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I thought that since the metallic chasing goes warm but a plastic one remains cool the metallic chasing will be very good for releasing heat. Is it true?

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side question: is there any risk that a badly-designed/cheaply-made metallic case may case short circuits on the controller board? – eadmaster Apr 23 at 2:04
up vote 2 down vote accepted

Metal generally conducts heat better (often much better) than plastic and will keep temperatures lower than a plastic enclosure, which can trap heat as it acts as an insulator.

I use a Rosewill RX-358-S, a metal enclosure with cooling fan, with a 1TB Seagate Barracuda 7200.12 and I haven't had a problem with it so far. Temperatures are kept under control at about 40-45 °C during the summer and the fan can lower temperatures by about 7-10 degrees more.

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I'd agree with you on that - the fact that the metal case is warm tells you that heat has been drawn from somewhere (ie: the disk). Barring fault conditions, it's a good sign that the case is warm because it means that it's acting as a heatsink for the disk.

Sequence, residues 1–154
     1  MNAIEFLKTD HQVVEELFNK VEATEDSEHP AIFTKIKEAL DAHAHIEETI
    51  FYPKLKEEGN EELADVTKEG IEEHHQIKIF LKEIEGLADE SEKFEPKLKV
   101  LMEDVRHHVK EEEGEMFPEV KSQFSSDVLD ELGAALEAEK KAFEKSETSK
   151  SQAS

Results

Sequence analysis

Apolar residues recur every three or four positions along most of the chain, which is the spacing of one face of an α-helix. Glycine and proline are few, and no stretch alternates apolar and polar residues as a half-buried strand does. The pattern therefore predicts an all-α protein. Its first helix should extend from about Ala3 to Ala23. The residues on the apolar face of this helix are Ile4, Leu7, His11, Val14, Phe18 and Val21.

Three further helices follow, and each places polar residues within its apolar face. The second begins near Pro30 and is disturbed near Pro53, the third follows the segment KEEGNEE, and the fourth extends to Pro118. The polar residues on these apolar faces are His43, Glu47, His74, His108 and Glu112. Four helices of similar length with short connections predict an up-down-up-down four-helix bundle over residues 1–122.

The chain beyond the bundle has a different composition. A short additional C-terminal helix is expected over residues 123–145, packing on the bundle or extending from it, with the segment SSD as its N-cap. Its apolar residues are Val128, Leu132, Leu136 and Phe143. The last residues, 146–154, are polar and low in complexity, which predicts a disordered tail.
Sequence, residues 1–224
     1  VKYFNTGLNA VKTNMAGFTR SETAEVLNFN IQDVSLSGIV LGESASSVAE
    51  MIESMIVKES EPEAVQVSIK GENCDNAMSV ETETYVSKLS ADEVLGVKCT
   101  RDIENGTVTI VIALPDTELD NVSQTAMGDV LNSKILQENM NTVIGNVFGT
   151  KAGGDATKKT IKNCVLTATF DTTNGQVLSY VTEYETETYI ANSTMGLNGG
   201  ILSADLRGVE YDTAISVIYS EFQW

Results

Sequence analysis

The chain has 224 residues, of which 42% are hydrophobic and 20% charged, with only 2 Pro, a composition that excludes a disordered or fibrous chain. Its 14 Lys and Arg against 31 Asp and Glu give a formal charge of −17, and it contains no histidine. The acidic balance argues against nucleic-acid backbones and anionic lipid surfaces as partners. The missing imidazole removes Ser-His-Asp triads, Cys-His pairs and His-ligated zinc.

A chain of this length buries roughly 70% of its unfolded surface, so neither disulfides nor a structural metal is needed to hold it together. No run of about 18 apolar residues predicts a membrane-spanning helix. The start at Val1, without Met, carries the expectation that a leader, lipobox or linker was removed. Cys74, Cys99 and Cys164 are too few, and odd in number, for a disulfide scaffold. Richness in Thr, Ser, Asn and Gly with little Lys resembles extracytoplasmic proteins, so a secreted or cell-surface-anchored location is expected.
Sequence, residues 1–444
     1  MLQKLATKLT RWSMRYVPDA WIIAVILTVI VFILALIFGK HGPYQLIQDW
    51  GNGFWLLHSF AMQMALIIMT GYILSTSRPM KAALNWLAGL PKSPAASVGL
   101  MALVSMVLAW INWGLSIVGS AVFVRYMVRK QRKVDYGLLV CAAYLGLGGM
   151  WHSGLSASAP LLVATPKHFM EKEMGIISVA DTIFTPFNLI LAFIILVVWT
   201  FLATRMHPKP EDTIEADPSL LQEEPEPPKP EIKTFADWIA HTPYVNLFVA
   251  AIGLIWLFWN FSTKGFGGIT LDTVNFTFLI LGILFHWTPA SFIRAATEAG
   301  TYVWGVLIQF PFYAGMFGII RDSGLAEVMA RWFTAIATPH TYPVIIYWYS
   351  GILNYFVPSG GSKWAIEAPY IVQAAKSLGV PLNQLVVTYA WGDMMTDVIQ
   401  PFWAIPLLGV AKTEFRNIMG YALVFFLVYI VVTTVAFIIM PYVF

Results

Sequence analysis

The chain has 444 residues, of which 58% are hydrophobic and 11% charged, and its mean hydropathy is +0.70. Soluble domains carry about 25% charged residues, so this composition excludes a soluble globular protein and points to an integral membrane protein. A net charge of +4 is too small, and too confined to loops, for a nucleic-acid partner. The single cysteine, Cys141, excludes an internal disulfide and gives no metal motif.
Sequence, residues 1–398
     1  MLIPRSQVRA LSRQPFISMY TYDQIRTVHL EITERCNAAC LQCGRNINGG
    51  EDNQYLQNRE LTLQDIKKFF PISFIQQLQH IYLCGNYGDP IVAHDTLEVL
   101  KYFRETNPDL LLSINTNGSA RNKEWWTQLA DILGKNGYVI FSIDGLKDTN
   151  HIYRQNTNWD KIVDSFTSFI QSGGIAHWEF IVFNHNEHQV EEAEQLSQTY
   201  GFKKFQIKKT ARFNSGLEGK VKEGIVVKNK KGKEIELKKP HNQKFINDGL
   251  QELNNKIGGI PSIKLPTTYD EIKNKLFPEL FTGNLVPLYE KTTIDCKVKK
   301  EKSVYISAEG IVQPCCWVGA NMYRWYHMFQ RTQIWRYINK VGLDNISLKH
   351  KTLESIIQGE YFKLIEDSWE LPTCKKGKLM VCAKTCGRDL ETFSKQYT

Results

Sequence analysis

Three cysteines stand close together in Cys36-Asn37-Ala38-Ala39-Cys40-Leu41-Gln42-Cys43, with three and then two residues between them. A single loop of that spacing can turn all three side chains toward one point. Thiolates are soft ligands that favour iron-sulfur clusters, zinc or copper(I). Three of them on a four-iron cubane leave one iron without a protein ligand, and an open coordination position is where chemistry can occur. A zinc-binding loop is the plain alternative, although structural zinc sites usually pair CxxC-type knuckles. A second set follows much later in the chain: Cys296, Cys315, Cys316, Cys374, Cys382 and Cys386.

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It depends on the specific drive and the quality of the design. A good design will dissipate the heat, a poor design might not. The material used for the case will figure into the heat dissipation scheme, but using metal vs plastic won't "fix" a bad design.

If one drive feels warmer than another, it may be because it's generating more heat in the first place.

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I don't think you understand. The casing is custom, it's one of those common ones that are sold for USB for fitting a common drive in them. It's not a very low level question, it's about people picking up a case of USB-for-a-drive-in-it from a shop. – j riv Aug 3 '11 at 12:05
That's only slightly different. Heat dissipation ability depends on the overall design of the case (and also the suitability of a particular case for a particular drive). With two identical cases, but one metal and the other plastic, the metal case would presumably run cooler, but it's doubtful that you'd find such identical cases. With plastic, eg, it's easier to mold in vents and air duct channels. – Daniel R Hicks Aug 4 '11 at 2:16

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